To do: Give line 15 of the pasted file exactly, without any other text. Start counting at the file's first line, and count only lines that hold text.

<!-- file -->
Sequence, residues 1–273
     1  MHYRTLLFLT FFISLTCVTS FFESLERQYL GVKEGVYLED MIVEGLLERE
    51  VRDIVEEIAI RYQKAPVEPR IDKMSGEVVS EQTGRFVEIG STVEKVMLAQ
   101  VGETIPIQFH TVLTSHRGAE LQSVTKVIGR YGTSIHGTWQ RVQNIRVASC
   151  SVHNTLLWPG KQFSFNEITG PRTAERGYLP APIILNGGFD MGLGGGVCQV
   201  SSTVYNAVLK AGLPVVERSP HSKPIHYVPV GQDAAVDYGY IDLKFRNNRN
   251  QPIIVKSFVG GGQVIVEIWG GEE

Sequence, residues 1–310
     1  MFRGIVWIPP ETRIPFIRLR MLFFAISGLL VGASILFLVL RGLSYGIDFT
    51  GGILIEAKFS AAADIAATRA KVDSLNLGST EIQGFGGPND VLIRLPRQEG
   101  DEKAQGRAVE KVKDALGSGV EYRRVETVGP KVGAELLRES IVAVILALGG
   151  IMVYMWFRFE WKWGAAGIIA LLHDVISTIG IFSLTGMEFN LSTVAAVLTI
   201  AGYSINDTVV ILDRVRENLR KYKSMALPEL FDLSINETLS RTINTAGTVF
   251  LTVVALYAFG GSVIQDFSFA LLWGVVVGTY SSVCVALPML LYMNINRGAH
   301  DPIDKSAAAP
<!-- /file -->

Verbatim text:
   301  DPIDKSAAAP